9. Sinéad O'Connor – I Do Not Want What I Haven’t Got (1990)
This is a perfect record from start to finish. Sinéad is another original; there’s no one like her – there never will be. Her newest record was also incredible, but she’s come out at a time where nobody’s interested in hearing from anyone who isn’t under the age of 20, who isn’t making nursery rhymes fit for radio. I don’t know what’s going on with her, but she struggles, clearly – she’s fragile. Unfortunately the music industry, as it is right now, does not have any time for anyone who is fragile. She’s rarely given any radio play, but her voice is still perfect, beautiful, soulful… I think she’s a jewel but we’ve trampled all over her because she’s a hot mess. But she makes amazing records, and this one – her second – is an incredible display of modern folk music. Great storytelling; exquisite voice, and she looked and sounded like an angel.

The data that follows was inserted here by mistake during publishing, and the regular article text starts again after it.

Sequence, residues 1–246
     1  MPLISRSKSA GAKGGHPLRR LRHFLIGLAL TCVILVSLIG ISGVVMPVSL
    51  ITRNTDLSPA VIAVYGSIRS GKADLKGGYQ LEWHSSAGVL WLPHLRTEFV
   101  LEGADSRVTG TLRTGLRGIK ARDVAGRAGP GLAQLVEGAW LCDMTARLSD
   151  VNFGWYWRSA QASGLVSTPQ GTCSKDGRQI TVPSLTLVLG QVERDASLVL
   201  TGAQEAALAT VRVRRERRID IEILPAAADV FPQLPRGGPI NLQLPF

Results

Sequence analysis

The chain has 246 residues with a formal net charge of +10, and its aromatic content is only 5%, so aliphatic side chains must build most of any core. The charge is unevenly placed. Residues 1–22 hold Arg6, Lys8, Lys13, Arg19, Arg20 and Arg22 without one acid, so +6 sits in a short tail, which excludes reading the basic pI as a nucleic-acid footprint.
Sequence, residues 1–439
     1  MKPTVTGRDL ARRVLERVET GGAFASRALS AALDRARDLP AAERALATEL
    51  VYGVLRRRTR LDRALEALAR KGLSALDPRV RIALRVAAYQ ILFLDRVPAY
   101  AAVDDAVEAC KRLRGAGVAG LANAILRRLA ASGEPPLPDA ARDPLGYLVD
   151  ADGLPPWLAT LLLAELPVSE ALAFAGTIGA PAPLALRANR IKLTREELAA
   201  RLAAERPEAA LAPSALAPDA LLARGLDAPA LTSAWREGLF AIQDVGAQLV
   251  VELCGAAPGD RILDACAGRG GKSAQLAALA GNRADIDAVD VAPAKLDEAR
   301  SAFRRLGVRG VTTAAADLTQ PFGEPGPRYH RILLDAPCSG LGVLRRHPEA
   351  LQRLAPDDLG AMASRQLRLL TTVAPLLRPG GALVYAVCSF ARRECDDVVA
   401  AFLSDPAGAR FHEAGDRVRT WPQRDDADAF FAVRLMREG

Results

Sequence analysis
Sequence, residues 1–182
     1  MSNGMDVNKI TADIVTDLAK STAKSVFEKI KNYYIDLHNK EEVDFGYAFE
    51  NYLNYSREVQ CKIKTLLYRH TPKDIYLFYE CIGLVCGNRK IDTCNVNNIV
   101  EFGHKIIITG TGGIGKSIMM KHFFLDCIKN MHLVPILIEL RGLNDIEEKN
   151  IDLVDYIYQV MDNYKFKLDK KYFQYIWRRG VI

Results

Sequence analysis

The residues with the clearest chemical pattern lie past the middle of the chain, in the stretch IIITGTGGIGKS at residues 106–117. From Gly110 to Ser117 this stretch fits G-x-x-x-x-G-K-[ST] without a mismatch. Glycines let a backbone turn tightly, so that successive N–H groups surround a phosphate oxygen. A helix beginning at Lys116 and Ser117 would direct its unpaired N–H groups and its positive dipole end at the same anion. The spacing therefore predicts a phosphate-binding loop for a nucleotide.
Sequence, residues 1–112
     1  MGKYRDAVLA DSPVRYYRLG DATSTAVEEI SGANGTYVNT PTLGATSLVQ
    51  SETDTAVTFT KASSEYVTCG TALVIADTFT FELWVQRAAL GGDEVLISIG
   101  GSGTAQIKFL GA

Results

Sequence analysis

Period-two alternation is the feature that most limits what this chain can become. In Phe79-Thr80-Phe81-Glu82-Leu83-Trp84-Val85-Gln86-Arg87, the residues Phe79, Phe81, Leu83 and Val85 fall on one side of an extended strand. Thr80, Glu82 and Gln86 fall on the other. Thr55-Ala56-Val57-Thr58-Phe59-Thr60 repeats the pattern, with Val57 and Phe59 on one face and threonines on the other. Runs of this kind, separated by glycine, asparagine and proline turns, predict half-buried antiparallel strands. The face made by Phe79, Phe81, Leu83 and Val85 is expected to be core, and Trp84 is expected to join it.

10. Marianne Faithfull – Broken English (1979)
I could finish with Broken English by Marianne Faithfull for a million different reasons; there's some great songwriting on there. To me, a song like Why D’Ya Do It is similar to 212 by Azealia Banks – it’s just that they came out at a different time. It’s the same venom, the same irreverence, the same determination to turn the tables upside down. There’s some classic songs on that record, and you forget that songs like that and the title track were her songs.